The ongoing war of words between major U.S. carriers and their Middle Eastern rivals over government subsidies and unfair competition is starting to have real-world consequences: Delta said it will abandon its Atlanta-Dubai service in February, and it placed the blame squarely on overexpansion by airlines like Emirates, Qatar Airways and Etihad.
Delta, American and United have been lobbying the U.S. government — so far without result — to block the Mideast Big Three from adding more U.S. gateways. They allege that the foreign carriers benefit from government subsidies that the U.S. companies don’t enjoy. The Mideast airlines deny those allegations.
In announcing the end of Dubai service from Atlanta, Delta said the 777 it uses on the route “will be redeployed to other transatlantic markets where it can compete on a level playing field that’s not distorted by subsidized state-owned airlines.”
Delta said that from 2008 to 2014, 11,000 seats a day to the U.S. were added from Dubai (Emirates’ hub), Doha (Qatar) and Abu Dhabi (Etihad’s home base), and more than 95 percent of them are operated by the Middle Eastern airlines.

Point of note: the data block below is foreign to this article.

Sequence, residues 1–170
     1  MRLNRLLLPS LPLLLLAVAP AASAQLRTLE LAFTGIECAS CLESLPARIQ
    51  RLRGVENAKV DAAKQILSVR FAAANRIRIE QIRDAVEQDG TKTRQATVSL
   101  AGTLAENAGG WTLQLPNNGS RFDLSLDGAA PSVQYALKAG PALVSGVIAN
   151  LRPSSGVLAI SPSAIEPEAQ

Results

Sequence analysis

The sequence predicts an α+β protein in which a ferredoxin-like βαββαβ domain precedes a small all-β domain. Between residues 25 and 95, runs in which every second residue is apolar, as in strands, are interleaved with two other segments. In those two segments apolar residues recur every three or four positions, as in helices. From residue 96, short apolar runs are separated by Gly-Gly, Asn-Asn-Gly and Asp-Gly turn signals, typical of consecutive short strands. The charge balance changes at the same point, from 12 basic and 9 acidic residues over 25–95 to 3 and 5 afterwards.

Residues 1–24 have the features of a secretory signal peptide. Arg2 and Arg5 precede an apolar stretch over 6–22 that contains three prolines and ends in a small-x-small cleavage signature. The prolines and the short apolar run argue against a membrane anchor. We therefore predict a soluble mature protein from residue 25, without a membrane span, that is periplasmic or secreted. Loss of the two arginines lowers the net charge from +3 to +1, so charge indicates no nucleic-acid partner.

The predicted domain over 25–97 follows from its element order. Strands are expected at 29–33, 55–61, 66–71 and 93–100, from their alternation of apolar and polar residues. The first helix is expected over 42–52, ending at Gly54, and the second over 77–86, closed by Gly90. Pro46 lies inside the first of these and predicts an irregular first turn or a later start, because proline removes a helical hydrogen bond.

Delta’s move comes on the heels of United’s plans to terminate its Washington Dulles-Kuwait/Bahrain flights in January, a move that some sources suggested may have been mandated by Kuwait’s government in a political dispute over U.S. anti-discrimination laws.
Meanwhile, the Middle Eastern carriers continue to add U.S. flights. Qatar Airways, for instance, earlier this year announced it would begin service to three U.S. gateways in 2016 — Atlanta, Boston and Los Angeles — and it plans to add a second daily New York flight next spring. Emirates last month started a new route from Dubai to Orlando. And some traffic between the U.S. and the Middle East is likely to travel via Istanbul on a rapidly-expanding Turkish Airlines, which started flying to San Francisco last spring and Miami this week, and plans to start Atlanta-Istanbul flights in May 2016.
TravelSkills reader S.C. wrote to suggest that Delta didn’t seem to be having trouble attracting business on its Dubai (DBX) route: “I’ve traveled there three times in the last three years, and only one time did an empty seat even exist, and that was on the ATL to DXB segment I took in July this year…which happened to be during Ramadan, so there were about 20-25 empty seats. NEVER before that has there been even one empty seat on the plane in either direction – and a waiting list of people trying to get on!”
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